Tuesday, January 10, 2012

Nat 64 - Reckless Play With Natural Fibers

This is an ugly, junky experimental board. If this is your first encounter with my work, then great! Check this out. But also look at the other boards, which aren't quite this crude.

These are tests with natural fiber cloths.

On the bottom is a single layer of cotton muslin. It's easy to work with. The weave is just tight enough that you can pour a small amount of epoxy directly on the dry cloth and quickly spread it, without it dripping through. It takes a lot of little pour-spread, pour-spread movements, but it's much faster than the brush technique I'm using with fiberglass.

That's the finished lamination. Good results.

We know cotton doesn't have the strength or impact resistance of fiberglass. I easily dinged the rail throwing the board in the van the first time. Had it in the water about 20 minutes before noticing. So this board has already gone through a dry-out and repair cycle.

Got a little help here on the quick patch job.

Though weak, muslin might have a role as a first lam material, since the wet-out technique is faster, and the finer weave will reduce pinholes. A second lam with something stronger might give back enough impact resistance and stiffness to balance it out.

On the deck we've got a base of fiberglass, and then full coverage with a layer of silk, with burlap (jute) rail patches (from green coffee bags).

Silk traps bubbles underneath when you try to apply it as a second lam. Don't know if there's a way to work them out through the fine weave. Silk seems too limp and droopy to lay directly over the core for a first lam. And silk isn't good at conforming to the compound curves around rails - it wants to fold instead of warp, and won't stretch. Not pleased with the silk. Too fine and tight.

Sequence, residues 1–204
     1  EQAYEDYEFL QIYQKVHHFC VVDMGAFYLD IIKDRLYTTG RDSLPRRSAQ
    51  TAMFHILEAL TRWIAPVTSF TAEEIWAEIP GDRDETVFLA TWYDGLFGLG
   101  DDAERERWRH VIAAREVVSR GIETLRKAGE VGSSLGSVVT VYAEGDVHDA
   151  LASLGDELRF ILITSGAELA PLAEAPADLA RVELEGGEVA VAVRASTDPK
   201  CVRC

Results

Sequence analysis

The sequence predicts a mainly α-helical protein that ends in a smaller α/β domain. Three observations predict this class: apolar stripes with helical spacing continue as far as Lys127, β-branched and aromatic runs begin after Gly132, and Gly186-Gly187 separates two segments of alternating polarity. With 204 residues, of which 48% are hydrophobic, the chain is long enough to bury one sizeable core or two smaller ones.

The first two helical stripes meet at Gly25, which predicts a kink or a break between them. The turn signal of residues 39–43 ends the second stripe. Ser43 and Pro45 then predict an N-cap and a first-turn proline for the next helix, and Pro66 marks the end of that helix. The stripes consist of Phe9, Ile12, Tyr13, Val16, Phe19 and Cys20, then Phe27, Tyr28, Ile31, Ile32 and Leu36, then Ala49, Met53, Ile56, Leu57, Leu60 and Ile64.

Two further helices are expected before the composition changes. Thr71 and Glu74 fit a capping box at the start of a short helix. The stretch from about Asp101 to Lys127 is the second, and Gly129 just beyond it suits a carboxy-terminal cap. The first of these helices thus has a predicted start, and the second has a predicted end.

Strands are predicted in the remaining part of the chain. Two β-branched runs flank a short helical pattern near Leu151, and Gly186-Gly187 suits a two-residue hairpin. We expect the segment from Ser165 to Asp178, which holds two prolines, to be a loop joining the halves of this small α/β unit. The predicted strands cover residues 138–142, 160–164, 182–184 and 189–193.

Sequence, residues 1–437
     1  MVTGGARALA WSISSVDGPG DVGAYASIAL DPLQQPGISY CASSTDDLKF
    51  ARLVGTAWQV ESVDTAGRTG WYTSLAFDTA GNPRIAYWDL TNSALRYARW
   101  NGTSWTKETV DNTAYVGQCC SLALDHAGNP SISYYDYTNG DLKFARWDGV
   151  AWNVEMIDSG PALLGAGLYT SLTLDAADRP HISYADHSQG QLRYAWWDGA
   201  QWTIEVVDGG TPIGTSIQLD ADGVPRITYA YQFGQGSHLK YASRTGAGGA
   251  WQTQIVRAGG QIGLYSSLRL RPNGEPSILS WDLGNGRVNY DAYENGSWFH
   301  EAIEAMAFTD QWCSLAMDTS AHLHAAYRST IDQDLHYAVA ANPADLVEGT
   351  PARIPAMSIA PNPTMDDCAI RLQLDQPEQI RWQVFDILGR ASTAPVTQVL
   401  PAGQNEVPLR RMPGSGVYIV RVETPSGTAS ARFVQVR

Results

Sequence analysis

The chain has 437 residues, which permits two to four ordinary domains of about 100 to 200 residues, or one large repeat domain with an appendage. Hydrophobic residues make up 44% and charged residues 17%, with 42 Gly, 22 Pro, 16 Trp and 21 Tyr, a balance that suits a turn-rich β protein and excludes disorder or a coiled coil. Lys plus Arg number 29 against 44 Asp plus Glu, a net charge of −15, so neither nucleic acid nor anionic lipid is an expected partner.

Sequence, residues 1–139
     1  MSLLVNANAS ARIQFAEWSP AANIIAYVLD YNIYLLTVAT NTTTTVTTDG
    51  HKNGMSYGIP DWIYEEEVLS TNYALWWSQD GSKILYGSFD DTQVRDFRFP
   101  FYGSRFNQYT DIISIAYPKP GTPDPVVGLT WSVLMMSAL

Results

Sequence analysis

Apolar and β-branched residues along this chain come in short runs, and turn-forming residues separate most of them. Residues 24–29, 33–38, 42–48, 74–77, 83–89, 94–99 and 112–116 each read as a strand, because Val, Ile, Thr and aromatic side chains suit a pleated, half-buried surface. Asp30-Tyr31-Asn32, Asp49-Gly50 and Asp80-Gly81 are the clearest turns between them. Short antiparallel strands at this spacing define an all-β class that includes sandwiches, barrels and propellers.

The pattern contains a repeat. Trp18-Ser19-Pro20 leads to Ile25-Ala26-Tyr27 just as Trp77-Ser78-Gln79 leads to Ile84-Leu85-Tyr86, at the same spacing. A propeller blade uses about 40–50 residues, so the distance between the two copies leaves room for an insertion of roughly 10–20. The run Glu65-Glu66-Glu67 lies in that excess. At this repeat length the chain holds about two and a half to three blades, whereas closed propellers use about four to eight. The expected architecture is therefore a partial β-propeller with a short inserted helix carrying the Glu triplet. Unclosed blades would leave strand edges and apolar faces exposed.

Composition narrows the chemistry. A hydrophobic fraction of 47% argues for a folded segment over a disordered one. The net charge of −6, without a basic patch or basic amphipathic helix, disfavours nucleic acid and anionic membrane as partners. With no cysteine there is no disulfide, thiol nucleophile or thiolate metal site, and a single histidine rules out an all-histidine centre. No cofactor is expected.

But burlap is great - raw and loose. It's a great way to build up a thick section. The thick fibers and loose weave can work as traction if you don't fill the weave all the way with hot coats. You can try to saturate it minimally, or just keep pouring resin into it, depending on what you're after.

It's brown. It's crude. It's functional. I'll be using it again.

Yeah, this is a single fin fish. Haven't heard any advocates for this kind of thing, probably for good reason. But you've got to try it to know.

As long as we're doing things wrong, let's really do it wrong. A 7.5 inch epoxy-sawdust holey baby hatchet. (The first board I've made with some kind of accommodation for a leash - seven, in fact.)

Instead of fiberglass strands (fin rope) along the base, tried some jute twine. Too crude, twisted, stiff and lumpy. At this point I'm done playing and just want to get this in the water. The divot at the front of the base got filled and faired with wax. Let's get it wet.

Still nice with light behind. See where the two missing pieces go?


Post a Comment